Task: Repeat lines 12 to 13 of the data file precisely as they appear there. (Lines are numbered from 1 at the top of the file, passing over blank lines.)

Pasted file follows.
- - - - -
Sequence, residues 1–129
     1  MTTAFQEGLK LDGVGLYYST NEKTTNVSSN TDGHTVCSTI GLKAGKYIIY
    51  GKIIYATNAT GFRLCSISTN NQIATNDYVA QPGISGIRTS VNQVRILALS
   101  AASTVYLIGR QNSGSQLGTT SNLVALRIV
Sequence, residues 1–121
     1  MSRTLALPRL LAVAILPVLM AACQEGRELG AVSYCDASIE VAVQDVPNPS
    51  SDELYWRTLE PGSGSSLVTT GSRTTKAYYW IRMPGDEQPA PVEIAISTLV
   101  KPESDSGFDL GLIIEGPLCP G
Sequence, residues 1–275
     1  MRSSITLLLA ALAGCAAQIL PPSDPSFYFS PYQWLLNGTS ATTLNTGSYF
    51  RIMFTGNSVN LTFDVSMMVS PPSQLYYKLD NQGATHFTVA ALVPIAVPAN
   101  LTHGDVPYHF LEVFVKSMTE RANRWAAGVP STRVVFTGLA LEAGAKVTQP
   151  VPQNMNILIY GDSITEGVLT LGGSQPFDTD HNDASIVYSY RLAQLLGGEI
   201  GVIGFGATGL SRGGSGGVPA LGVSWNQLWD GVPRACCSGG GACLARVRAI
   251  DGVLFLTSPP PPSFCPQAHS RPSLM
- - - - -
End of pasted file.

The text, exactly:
   101  LTHGDVPYHF LEVFVKSMTE RANRWAAGVP STRVVFTGLA LEAGAKVTQP
   151  VPQNMNILIY GDSITEGVLT LGGSQPFDTD HNDASIVYSY RLAQLLGGEI